A team of ECE researchers led by Professor Badrul Chowdhury has been selected for a $4.8 million award from the U.S. Department of Energy Solar Energy Technologies Office (SETO) to improve the resilience and reliability of the regional grid.
This project is part of a collaborative effort among the North Carolina state government, utility companies, industry and universities to develop an advanced microgrid control architecture. It will be able to coordinate seamlessly with the bulk power grid at multiple points of common coupling, automatically balance load and generation, provide critical services at a minimum, detect faulty conditions on a continuous basis, communicate with distributed energy resources, form networked microgrids with neighboring communities when needed and maintain safe operating conditions at all times. A field demonstration at Duke Energy's Hot Springs microgrid is planned and real-time data streamed to the Smart Grid Laboratory in the EPIC building, where the proposed control architecture will be tested utilizing a unique digital-twin approach, as shown in the figure.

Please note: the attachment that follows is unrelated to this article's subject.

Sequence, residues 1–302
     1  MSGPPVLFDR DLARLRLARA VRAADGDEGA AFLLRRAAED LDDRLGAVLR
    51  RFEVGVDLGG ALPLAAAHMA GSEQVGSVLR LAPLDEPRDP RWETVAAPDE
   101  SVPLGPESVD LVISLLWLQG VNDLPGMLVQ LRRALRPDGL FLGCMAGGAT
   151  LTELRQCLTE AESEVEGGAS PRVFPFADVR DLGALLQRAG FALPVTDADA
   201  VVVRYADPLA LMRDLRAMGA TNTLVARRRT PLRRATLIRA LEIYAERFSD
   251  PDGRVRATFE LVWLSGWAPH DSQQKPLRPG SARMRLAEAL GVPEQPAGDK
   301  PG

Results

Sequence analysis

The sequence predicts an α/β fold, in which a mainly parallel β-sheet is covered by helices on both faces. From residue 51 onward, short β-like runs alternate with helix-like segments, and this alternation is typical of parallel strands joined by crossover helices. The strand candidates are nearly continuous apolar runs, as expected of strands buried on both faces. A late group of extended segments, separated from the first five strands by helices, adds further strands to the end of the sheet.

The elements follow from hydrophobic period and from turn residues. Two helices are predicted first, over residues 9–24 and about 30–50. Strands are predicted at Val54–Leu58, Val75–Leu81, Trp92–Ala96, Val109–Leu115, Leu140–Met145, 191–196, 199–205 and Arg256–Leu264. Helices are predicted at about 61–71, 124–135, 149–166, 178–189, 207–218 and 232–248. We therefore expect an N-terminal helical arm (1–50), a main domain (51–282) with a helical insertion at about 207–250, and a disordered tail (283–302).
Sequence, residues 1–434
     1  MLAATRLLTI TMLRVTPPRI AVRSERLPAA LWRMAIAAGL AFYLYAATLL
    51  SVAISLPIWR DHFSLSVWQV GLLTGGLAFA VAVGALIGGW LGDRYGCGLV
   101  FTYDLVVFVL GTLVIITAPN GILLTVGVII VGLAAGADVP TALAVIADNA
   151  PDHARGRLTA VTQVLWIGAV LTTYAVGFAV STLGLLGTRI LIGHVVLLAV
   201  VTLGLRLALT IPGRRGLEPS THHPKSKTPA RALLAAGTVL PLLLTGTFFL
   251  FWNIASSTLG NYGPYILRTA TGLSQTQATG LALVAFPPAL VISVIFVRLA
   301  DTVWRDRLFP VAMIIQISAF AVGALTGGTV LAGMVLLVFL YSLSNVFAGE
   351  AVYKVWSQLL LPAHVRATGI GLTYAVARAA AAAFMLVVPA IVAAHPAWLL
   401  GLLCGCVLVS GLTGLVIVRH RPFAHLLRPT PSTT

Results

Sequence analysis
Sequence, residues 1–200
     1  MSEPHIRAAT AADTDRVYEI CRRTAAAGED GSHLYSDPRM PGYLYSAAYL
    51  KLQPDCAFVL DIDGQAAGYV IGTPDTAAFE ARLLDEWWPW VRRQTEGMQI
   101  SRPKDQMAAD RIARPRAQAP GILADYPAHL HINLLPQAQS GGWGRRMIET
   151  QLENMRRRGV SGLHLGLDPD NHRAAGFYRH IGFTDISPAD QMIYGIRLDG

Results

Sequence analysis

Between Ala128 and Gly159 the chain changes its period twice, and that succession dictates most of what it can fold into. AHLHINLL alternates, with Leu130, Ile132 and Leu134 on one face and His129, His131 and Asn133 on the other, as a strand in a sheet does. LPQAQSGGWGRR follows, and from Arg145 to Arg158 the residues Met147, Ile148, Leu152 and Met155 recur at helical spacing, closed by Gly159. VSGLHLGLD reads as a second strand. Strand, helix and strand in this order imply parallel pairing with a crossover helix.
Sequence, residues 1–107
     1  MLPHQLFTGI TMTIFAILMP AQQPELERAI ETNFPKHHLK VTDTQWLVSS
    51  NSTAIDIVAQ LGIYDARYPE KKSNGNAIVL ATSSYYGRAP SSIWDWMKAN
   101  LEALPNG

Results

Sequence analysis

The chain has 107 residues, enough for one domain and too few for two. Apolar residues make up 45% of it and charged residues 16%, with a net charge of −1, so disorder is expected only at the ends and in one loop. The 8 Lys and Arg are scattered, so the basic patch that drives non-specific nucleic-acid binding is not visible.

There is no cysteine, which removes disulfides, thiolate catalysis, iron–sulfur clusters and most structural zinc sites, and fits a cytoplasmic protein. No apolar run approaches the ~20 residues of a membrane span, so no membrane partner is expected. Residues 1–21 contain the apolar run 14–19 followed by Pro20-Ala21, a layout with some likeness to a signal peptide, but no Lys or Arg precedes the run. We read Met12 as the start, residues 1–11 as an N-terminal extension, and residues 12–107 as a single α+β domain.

The digital twin will allow multiple remote partner laboratories to be connected through PI connect. The feeder models constructed in OpenDSS/HELICS; partial feeder models included in RTS Adaptive microgrid protection will implemented in the Hardware-in-the-loop (HIL) testing. Scenarios will be developed to simulate partial/complete loss-of-communications and specific cyberattacks.
This project was selected as a part of the SETO Fiscal Year 2020 funding program, is one of ten systems integration projects chosen nationwide, that will enhance solar energy's contribution to grid resilience and reliability by enabling communities to consistently maintain and restore power, improving cybersecurity for photovoltaic systems, and developing advanced hybrid plants.